Themed magazines are the best magazines
Gossamer no.7 comes with a velvety soft powder-blue cover and is dedicated to ‘touch’; a kind of ode to the physical connections we have lost, regained, and then lost again over the course of the last two years.
It is uncommon to pick up a magazine and want to read every single article in it, but Gossamer is an unusual publication. Nominally about weed, the material in here is always beautifully written, and intriguing without ever being sensationalist. The opening piece in this issue, for example, is about the psychedelic history of the remote controlled orgasm. Where a lesser magazine would have printed a salacious tale, Gossamer tackles the subject by way of a profile of a little-known inventor called How Wachspress. The man behind the 1970s ‘Auditac’ — a box that carried sound down a clear plastic tube that could be inserted into, or penetrated by, the “listener” — Wachspress is essentially the father of the sex toy. His machine allowed users to physically feel songs, but the trick was that feeling music in this way made them experience extraordinary pleasure: “[they] were flopping around like fish having super orgasms”, Wachspress explains.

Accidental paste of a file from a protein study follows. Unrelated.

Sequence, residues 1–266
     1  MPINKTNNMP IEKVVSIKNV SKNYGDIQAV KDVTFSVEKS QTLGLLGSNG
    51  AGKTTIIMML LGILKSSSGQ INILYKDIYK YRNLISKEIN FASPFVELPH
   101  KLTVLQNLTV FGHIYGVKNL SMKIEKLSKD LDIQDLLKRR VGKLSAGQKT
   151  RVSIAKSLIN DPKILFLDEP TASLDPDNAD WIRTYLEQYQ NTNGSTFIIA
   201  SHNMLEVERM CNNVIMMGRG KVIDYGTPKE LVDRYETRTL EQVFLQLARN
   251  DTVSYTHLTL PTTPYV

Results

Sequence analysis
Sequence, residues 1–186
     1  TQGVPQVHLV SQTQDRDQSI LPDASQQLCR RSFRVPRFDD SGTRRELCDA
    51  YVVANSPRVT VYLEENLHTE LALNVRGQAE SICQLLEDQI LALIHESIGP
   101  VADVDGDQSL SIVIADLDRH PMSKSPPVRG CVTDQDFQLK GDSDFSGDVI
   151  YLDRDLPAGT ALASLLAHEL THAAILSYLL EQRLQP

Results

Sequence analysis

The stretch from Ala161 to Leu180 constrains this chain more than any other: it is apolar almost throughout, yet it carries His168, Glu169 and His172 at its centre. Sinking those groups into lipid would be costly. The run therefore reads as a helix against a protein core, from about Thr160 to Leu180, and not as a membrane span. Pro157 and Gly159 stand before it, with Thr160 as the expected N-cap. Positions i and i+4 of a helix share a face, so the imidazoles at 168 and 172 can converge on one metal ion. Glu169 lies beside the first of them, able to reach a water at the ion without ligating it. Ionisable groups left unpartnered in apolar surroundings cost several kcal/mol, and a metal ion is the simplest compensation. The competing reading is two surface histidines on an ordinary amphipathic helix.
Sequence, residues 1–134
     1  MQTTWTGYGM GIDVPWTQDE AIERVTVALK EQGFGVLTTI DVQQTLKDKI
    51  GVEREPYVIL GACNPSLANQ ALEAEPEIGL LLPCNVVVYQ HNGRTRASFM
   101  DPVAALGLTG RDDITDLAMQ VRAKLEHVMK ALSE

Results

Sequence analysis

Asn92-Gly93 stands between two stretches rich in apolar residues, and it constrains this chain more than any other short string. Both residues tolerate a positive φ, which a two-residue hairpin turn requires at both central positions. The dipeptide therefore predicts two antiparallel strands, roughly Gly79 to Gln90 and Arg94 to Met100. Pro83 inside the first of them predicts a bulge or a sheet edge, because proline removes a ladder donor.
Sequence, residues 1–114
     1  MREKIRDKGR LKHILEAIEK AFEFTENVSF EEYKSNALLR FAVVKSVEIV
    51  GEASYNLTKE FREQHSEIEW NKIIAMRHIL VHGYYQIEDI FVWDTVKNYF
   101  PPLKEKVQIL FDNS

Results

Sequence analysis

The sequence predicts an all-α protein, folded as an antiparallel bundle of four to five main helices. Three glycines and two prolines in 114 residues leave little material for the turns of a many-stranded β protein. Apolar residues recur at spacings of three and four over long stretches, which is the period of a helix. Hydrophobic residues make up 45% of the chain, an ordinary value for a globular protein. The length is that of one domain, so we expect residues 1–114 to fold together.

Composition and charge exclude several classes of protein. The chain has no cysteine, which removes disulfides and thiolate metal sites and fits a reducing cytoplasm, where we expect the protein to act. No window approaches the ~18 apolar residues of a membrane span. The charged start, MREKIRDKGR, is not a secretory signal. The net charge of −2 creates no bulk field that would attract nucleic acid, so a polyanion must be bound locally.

What’s interesting about this interview, by Christopher Trout, is that it paints a portrait of Wachspress as an under-appreciated, and somewhat bitter man: “Today he seems defeated, a largely unrecognised inventor of unwanted machines, disillusioned by a world more worried about the bottom line than higher consciousness.” This unexpected twist to the feature is typical of Gossamer, which privileges truthful portraits over the kind of puff-pieces you might find elsewhere.
Another thoughtful contribution on the theme of touch is by the relationships therapist Esther Perel, who describes herself as a “connector”. Perel writes briefly about the birth of alternative therapies — CBD, Ketamine, MDMA, psilocybin — but the thrust of the article is not about drugs at all, it’s about the connections (missed or otherwise) between people. One excellent point Perel makes is that now, when we have more choice and freedom when it comes to finding a partner than at any previous point in history, what we want, paradoxically, is to be locked down: “‘How do I know?’ This is the question that every young person asks me. ‘How do I know?’ We want this certainty, this 100%, this ‘I’m sure this is the one’… At the moment when you have most freedom, people are craving certainty.”
I love themed magazines because a narrowed focus always provokes more imaginative interpretations of a subject. It is pleasing to pick up a magazine about touch, and weed, and read — instead — about the trials of an inventor, or the ways in which we contort ourselves to find “the one”. This issue of Gossamer has that rare quality of a really good novel; you open it up and you get sucked in; it is genuinely difficult to put this magazine down.